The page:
Commercial tractor-trailers face several hazards on the road. Issues like slippery surfaces, poor roadwork, and careless drivers increase the risks of accidents. Some trucking businesses never even recover from road accidents financially. Fortunately, truckers can mitigate post-crises liabilities by securing customizable, extensive tractor truck policies before operating.
Like tow truck insurance, tractor truck insurance covers first- and third-party damages stemming from car crashes, cargo theft, and vandalism. Understanding these coverages can safeguard your trucking business’ continuity strategy.
Although the U.S. trucking industry is currently at an all-time high, the increased number of motorists also comprises overall safety. 2021 statistics show an 18.4% increase in road accident fatality.
Of course, defensive driving prevents crashes. However, you can only resolve financial and legal liabilities with adequate insurance. Tractor truck insurance ensures that you have sufficient funds to cover various collision and non-collision damages.
Plus, your policy can cover first- or third-party property damages and bodily injuries. Without commercial truck insurance, you would have to pay post-accident repairs and settlement fees out of pocket.
Truck insurance costs differ from policy to policy. While insurers consider several factors when underwriting policies, they primarily focus on insurability. Truckers exposed to more road hazards pay higher rates. Alternatively, proving to insurers that you operate a secure trucking business with a low risk of getting into traffic accidents will minimize your premiums.
Insurance providers assess truckers on the following factors:
Contrary to what first-timers might assume, commercial truck insurance goes beyond car crashes and road accidents. Insurance encompasses a broad range of risks. As a trucker, exploring your coverage options ensures that you make informed decisions in customizing your tractor truck policies.
General liability protects your trucking business from various liability claims, including property damages and bodily injuries. Note that the FMCSA requires all truckers to carry general liability insurance. Trucks class 3 and above would need anywhere from $750,000 to $5,000,000 worth of coverage, depending on their cargo.
Non-trucking liability covers accidents that occur during non-commercial trips. Insurers define “non-commercial” differently, but it usually includes off-dispatch incidents like driving to and from the quarry and filling up on gas. NTL policies focus on the nature of the trip — not the attached load or cargo.
Trailer interchange covers damages on non-owned trailers. It protects you from third-party liability if the trailer hauled sustains damage from collision, fire, theft, or vandalism.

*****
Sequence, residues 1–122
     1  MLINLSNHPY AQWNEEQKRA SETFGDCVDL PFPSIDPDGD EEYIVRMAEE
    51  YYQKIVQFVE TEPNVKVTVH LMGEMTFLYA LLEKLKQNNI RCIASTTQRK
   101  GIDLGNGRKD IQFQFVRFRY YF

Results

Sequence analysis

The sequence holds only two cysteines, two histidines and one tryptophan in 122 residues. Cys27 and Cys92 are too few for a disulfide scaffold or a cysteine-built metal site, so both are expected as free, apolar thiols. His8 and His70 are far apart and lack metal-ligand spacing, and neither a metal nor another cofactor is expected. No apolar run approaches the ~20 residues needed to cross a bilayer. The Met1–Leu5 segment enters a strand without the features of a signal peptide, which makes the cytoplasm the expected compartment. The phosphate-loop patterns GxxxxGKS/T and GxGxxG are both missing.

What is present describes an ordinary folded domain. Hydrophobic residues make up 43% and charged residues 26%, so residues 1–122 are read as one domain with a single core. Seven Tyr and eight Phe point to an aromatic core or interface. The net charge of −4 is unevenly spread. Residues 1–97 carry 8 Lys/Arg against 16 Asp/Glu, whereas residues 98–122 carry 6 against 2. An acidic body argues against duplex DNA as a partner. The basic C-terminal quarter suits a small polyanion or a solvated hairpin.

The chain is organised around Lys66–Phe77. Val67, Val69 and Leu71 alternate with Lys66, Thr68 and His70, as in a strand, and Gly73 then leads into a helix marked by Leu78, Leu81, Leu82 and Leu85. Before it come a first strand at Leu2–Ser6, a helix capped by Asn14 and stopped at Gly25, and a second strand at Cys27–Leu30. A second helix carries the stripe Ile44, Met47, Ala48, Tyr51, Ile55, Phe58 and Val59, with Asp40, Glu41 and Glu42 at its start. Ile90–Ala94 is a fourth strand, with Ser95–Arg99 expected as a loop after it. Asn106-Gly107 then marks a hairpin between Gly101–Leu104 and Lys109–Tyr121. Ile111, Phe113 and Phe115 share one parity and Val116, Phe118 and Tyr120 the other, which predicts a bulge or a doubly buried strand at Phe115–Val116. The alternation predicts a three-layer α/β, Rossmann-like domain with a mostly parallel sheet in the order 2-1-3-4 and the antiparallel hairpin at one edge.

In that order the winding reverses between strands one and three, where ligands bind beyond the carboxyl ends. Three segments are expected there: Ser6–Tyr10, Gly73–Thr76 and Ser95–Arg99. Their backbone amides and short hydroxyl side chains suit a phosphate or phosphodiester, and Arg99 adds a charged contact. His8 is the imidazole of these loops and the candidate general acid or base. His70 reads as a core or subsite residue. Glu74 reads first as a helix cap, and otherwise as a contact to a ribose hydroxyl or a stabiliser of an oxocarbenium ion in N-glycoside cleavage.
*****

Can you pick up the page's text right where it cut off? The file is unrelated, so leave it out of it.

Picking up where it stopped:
The rental reimbursement with downtime covers up to 30 days’ worth of rental costs while the insured vehicle is being repaired. Note that the sustained damages must come from a covered incident. Also, most motor carriers require lessees to carry this insurance before releasing leased tractors.
Motor truck cargo insurance covers property damages sustained while loading/unloading cargo, awaiting final distribution, or docking at terminals. This coverage suits truckers who haul high-value cargo regularly.
Do you still have some unanswered questions about insuring tractors? We can help! Check out some of the most commonly asked questions we get about tractor truck insurance.
$750,000 worth of tractor-trailer insurance typically costs $650 to $950. Your policy rates depend on your overall insurability, which insurers compute using your driving records, claims history, and business tenure.
It costs significantly more to insure commercial trucks than private sedans and SUVs. Truckers typically pay higher premiums because they spend long hours on the road, transport cargo, and need repairs more often.
Diesel trucks cost more to insure because they generally have higher market values than their gasoline counterparts. Remember: insurers always charge higher-priced vehicles at increased rates.
Well-maintained diesel trucks can run 1,000,000 to 1,500,000 miles without showing signs of engine failure.
Leased farm trucks cost $2,000 to $4,000 per annum to insure. Meanwhile, truckers with their own authorities might shell out $10,000 to $18,000 depending on their tenure.
Make sure to consult multiple insurers when shopping for tractor truck insurance. Remember that every trucker has varying insurance needs. Don’t solely focus on getting the lowest rates. Instead, work toward finding tractor truck policies that provide the liability coverage and financial protection you may need following unforeseen accidents.
Do you need to insure other commercial trucks apart from tractors? Assured Standard has you covered! Check out our resources page for in-depth guides about commercial truck insurance policies.